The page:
Avengerland: The Upside-Down Kingdom
Avengerland: The Upside-Down Kingdom
A paradigm of a surreal universe, only limited by the endless contours of human imagination, the epitome of a unparalleled decade, which condensed the free will of its time in a mixture of magical brush strokes, "The Avengers" (1961-1969) runs gloriously and imperturbably across its lush canvas, leaving behind an unforgettable fragrance.
"The Avengers" is timeless, no matter what the calendar might say. Instead, its contents and how they're approached, its topics, trends, visual expression and aesthetics in general, are the ingredients that keep the show as fresh as a newly picked rose, as an eternally flowing spring.
A Grey Scale World
Conceived thanks to the vast creativity of a Canadian producer who had settled in London, just when the first rays of the 60s shone, "The Avengers" was launched on British TV as a revamped version of a low-rating cop show.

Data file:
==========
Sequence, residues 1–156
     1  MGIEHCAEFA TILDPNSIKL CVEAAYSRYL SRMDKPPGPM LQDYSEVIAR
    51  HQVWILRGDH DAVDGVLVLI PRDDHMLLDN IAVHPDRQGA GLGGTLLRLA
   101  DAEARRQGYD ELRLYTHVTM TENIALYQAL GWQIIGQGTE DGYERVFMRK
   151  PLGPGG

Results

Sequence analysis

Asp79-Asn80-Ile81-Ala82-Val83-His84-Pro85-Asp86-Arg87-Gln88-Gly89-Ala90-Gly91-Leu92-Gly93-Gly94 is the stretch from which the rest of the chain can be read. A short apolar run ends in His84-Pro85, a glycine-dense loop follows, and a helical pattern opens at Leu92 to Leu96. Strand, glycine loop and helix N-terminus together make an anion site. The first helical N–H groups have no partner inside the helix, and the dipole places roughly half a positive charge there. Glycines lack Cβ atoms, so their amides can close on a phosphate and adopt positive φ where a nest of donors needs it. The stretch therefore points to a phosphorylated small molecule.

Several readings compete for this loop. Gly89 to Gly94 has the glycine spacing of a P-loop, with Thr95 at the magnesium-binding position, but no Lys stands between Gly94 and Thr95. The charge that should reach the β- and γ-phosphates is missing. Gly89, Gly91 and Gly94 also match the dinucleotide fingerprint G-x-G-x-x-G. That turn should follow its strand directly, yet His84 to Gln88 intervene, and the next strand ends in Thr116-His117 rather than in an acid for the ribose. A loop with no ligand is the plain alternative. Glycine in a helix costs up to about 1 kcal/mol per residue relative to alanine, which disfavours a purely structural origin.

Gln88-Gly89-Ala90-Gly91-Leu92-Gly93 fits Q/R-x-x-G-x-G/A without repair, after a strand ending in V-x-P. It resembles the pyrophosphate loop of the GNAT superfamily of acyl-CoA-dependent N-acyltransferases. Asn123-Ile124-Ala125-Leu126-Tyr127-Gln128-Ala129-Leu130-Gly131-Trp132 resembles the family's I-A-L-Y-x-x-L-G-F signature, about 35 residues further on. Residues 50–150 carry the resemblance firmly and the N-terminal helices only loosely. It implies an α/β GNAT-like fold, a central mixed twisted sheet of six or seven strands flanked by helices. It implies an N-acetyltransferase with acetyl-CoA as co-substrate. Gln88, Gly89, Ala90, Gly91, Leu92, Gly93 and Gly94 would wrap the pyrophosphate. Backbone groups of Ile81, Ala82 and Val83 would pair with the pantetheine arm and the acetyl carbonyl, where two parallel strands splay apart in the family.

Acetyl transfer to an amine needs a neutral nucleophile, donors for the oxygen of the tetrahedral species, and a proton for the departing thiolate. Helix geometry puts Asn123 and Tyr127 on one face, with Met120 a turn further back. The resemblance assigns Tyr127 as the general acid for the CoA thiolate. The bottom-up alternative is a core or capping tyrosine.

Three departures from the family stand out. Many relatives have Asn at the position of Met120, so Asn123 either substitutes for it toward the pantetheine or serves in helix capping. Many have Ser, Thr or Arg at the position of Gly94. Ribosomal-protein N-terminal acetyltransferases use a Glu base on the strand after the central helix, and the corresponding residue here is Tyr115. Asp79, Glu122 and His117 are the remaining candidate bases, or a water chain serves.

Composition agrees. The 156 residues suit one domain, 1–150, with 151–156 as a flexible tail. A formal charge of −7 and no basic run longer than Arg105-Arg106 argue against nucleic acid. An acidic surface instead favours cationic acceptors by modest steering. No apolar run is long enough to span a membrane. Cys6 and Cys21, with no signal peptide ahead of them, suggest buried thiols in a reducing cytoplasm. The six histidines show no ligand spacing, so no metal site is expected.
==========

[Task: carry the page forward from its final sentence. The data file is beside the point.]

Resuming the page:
Nevertheless from the very beginning, the new program seemed to veer towards a more elegant and refined style. Two actors were cast to that end, Ian Hendry and Patrick Macnee, who gave life to their respective characters, Dr. David Keel, "the moral innocent" surgeon, and John Steed, "the amoral sophisticated" super-spy, basing their relationship on the spontaneity that arose from the instant chemistry between them.